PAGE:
Total, red and processed meat consumption and human health: an umbrella review of observational studies

Giuseppe Grosso, Sandro La Vignera, Rosita A. Condorelli, Justyna Godos, Stefano Marventano, Maria Tieri, Francesca Ghelfi, Lucilla Titta, Alessandra Lafranconi, Angelo Gambera, Elena Alonzo, Salvatore Sciacca, Silvio Buscemi, Sumantra Ray, Daniele Del Rio, Fabio Galvano

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29 Citations (Scopus)
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Meat consumption has represented an important evolutionary step for humans. However, modern patterns of consumption, including excess intake, type of meat and cooking method have been the focus of attention as a potential cause of rise in non-communicable diseases. The aim of this study was to investigate the association between total, red and processed meat with health outcomes and to assess the level of evidence by performing a systematic search of meta-analyses of prospective cohort studies. Convincing evidence of the association between increased risk of (i) colorectal adenoma, lung cancer, CHD and stroke, (ii) colorectal adenoma, ovarian, prostate, renal and stomach cancers, CHD and stroke and (iii) colon and bladder cancer was found for excess intake of total, red and processed meat, respectively. Possible negative associations with other health outcomes have been reported. Excess meat consumption may be detrimental to health, with a major impact on cardiometabolic and cancer risk.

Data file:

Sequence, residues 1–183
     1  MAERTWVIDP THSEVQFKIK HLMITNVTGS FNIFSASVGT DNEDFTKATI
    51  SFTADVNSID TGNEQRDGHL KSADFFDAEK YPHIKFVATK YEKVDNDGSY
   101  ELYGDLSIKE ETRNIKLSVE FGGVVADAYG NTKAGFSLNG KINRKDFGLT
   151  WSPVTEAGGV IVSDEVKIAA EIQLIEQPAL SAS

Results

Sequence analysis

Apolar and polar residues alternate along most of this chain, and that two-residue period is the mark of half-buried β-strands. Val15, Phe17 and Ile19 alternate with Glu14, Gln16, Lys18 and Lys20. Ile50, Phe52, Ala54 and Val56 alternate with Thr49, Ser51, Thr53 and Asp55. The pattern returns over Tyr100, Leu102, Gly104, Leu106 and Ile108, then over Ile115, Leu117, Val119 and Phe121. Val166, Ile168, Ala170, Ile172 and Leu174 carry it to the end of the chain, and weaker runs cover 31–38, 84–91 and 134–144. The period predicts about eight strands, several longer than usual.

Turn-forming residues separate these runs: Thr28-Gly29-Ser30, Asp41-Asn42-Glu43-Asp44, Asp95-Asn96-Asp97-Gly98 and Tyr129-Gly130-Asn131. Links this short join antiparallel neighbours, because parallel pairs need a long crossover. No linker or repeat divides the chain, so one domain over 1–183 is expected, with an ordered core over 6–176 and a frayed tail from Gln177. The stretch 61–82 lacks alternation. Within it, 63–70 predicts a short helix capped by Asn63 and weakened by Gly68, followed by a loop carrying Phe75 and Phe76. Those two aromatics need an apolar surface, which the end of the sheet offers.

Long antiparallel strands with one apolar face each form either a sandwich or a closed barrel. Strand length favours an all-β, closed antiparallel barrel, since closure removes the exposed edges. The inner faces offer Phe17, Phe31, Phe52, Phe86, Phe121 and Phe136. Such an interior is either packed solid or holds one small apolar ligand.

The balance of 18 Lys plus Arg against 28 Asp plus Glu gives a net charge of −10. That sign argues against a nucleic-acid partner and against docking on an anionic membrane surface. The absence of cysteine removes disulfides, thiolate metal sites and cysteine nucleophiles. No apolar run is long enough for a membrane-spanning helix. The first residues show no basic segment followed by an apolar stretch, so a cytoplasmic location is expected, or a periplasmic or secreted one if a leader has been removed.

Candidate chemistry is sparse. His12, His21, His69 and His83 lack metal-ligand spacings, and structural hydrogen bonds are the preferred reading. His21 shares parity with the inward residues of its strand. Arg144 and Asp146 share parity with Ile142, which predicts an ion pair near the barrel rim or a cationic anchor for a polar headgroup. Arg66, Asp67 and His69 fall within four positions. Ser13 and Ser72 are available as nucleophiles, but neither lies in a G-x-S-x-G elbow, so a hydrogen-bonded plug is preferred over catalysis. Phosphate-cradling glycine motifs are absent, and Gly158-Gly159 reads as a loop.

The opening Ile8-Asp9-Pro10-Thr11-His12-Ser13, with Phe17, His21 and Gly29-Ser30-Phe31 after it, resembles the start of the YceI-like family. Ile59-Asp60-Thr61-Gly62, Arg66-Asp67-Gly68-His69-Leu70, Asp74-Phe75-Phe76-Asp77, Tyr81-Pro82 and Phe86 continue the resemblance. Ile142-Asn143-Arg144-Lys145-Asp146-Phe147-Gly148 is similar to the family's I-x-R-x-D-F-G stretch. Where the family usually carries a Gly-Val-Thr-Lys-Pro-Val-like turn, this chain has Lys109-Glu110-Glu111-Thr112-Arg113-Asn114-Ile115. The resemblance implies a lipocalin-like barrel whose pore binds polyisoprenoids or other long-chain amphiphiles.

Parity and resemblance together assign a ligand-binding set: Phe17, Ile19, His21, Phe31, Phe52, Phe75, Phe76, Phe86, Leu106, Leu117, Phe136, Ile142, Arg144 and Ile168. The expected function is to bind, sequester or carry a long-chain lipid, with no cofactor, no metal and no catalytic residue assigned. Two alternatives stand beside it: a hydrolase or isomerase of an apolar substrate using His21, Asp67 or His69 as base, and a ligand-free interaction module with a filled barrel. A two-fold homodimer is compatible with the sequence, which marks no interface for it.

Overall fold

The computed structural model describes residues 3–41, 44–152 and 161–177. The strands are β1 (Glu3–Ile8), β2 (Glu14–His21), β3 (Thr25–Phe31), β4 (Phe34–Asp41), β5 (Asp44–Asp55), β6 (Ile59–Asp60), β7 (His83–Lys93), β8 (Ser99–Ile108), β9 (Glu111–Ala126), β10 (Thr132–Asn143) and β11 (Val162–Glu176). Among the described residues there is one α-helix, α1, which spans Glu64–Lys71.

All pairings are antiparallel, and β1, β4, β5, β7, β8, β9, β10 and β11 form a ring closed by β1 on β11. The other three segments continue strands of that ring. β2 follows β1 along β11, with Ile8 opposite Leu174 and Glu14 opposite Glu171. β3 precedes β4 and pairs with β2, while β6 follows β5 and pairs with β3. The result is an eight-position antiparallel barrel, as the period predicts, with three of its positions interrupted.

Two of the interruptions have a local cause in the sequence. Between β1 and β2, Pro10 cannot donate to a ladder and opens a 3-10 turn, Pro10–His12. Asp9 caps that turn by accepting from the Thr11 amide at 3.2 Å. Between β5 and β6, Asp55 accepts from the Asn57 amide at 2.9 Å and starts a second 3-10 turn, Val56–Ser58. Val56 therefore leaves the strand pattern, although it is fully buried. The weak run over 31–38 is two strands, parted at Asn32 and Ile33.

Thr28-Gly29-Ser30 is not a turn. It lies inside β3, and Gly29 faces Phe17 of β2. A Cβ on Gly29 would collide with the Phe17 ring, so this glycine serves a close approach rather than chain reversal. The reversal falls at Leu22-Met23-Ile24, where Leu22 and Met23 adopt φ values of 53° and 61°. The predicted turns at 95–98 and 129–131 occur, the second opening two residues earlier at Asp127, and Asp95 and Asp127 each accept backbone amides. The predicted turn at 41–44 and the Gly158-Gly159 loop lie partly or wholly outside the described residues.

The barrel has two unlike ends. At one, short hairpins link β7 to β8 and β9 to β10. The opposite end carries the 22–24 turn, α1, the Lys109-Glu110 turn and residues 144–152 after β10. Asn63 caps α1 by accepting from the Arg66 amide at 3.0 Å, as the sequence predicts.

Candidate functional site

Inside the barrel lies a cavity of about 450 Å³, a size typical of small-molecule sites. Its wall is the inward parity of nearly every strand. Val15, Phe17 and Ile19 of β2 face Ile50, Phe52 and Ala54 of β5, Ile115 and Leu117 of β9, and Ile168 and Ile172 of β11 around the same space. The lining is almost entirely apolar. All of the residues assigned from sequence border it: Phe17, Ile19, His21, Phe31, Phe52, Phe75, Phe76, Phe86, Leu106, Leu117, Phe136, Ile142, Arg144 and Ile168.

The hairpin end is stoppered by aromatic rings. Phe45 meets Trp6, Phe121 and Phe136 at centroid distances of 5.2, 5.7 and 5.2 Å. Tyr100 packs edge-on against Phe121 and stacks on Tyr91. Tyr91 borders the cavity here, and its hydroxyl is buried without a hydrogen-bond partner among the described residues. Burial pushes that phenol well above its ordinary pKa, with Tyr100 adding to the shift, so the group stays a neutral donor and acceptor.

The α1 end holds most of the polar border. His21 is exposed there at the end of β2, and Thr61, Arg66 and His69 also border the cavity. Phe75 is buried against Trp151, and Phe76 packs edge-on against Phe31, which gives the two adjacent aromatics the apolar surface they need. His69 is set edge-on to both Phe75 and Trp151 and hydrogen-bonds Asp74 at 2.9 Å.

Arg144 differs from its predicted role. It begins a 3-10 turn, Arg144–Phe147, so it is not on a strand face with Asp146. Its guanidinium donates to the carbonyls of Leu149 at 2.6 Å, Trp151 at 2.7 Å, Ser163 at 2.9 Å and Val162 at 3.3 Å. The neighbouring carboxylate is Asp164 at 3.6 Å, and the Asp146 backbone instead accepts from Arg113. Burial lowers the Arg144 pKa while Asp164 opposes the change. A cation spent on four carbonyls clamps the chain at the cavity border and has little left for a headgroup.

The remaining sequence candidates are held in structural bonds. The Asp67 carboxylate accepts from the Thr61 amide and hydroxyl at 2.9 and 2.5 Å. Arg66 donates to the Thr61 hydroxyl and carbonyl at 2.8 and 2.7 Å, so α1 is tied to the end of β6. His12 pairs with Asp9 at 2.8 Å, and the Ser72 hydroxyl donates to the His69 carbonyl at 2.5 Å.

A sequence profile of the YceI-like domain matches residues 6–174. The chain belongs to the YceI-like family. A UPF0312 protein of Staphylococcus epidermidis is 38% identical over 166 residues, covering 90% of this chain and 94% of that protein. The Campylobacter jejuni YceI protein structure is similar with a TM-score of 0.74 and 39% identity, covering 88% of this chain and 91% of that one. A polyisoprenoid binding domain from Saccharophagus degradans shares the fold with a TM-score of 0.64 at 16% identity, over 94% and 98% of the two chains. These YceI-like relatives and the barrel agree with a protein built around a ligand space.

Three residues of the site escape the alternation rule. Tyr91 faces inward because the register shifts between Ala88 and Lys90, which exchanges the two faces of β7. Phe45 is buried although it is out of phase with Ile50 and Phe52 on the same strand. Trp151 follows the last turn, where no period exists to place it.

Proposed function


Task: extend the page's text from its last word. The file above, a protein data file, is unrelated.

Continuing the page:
Original languageEnglish
Pages (from-to)1-12
Number of pages12
JournalInternational Journal of Food Sciences and Nutrition
Issue number6
Early online date15 Mar 2022
Publication statusPublished online - 15 Mar 2022

Bibliographical note

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© 2022 Taylor & Francis Group, LLC.


  • Total meat
  • red meat
  • processed meat
  • processed foods
  • meta-analysis
  • umbrella review
  • evidence
  • non-communicable diseases
  • cardiovascular disease
  • cancer
  • coronary heart disease
  • colorectal cancer


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